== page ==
Note that the formula selected during the fitting is shown under “Formula”, and that the dispersion coefficients which characterize this glass match the values provided in the fitting text output window. Also note that the minimum and maximum wavelengths correspond to the inputted data range (with a 1 nanometer buffer on either end), and that values for the d-light index (Nd) and Abbe number (Vd) agree (within round-off error) with the corresponding values for the glass N-BK7 that is listed in the Schott catalog.

The other parameters for this glass may be edited accordingly in the Materials Catalog dialog, including the thermal coefficients, density, cost, stain resistance, acid resistance, etc. If data for the thermal dependence of the index is also available, the Glass Fitting Tool can be used to determine the best-fit thermal coefficients for the glass as well. More information on this may be found in the Knowledgebase article "How to fit temperature-dependent index data to the OpticStudio thermal model".


Defining Transmission Data

In addition to fitting index data, it is also important to define the transmission properties of the glass in OpticStudio, if any exist. OpticStudio models the transmitted intensity user Beer’s Law:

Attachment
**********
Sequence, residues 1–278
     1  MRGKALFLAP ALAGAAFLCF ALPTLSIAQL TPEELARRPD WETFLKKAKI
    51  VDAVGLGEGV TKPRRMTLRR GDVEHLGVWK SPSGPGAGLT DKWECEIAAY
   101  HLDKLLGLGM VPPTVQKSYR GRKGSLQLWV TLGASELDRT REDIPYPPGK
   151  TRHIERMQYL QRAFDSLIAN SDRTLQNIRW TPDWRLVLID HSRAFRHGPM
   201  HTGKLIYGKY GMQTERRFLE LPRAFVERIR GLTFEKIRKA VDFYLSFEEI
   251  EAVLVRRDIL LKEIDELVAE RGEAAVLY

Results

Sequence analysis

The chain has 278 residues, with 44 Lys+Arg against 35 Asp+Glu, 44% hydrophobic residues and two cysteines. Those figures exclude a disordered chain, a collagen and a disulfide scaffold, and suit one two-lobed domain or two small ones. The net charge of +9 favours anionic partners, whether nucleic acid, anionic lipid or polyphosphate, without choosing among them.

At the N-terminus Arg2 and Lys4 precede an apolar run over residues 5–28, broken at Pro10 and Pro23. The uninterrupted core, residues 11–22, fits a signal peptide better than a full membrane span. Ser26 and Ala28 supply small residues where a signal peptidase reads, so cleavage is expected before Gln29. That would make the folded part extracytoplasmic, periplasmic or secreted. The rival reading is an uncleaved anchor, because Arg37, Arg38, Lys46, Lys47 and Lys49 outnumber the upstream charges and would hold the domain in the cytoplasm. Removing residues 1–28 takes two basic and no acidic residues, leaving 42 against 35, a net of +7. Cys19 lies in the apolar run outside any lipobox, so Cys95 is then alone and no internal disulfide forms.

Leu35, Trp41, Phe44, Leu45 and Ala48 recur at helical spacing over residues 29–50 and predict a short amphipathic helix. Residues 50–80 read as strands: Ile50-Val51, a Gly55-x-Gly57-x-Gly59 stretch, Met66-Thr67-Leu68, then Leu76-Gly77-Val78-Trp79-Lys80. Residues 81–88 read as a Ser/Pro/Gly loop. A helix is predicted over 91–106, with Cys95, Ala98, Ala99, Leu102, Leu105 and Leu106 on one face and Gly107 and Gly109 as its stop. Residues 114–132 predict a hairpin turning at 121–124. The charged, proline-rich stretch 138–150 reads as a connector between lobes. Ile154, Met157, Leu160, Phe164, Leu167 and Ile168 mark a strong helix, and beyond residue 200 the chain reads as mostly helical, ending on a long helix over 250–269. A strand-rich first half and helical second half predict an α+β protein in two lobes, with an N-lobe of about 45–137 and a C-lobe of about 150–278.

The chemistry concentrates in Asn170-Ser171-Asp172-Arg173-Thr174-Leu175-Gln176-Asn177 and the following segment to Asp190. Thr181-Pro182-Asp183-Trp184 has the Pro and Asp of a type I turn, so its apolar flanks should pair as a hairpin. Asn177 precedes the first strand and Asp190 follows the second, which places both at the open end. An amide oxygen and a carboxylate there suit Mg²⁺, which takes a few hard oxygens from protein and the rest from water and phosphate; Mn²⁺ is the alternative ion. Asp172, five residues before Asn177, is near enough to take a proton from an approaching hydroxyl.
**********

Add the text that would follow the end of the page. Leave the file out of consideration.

where a is the absorption coefficient and t is the path length through the glass. The parameter a generally depends upon wavelength and has units of inverse length.

To modify or set the transmission data for a glass, select the “Transmission” button near the bottom right hand corner of the Materials Catalog dialog:


Materials Catalog dialog


Selecting the “Transmission” button invokes the Transmission Data dialog, which includes a spreadsheet of 3 different columns:  Wavelength, Transmission, and Thickness. Wavelengths are always entered in micrometers, and thicknesses are entered in millimeters, regardless of the system Lens Units.




Multiple data points may be defined in the transmission data editor. Internally, OpticStudio converts the data to transmission “per mm,” and interpolates between the defined wavelengths. If a ray is being traced at a wavelength outside of the wavelengths defined in the Transmission Data editor, then the data for the closest wavelength is used. Otherwise, OpticStudio performs a linear interpolation between data points defined.

Note that if transmission data has been omitted, then OpticStudio assumes the internal transmission for a material is 1.0 at all wavelengths. It is very important to verify the transmission data to ensure the most accurate results.